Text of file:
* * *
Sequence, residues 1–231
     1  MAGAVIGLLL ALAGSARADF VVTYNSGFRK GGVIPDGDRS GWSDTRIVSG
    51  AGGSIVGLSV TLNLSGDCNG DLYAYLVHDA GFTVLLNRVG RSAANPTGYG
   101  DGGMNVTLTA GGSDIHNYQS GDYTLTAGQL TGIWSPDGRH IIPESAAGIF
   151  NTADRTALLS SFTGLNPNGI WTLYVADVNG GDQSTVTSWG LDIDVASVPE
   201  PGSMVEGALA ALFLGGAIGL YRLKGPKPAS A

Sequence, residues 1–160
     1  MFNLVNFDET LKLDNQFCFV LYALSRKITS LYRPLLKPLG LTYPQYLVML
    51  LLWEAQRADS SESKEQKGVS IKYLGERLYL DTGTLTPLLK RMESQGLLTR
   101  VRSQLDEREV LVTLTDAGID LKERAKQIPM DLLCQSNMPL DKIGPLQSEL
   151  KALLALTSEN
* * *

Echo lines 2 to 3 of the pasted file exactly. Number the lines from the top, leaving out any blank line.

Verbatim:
     1  MAGAVIGLLL ALAGSARADF VVTYNSGFRK GGVIPDGDRS GWSDTRIVSG
    51  AGGSIVGLSV TLNLSGDCNG DLYAYLVHDA GFTVLLNRVG RSAANPTGYG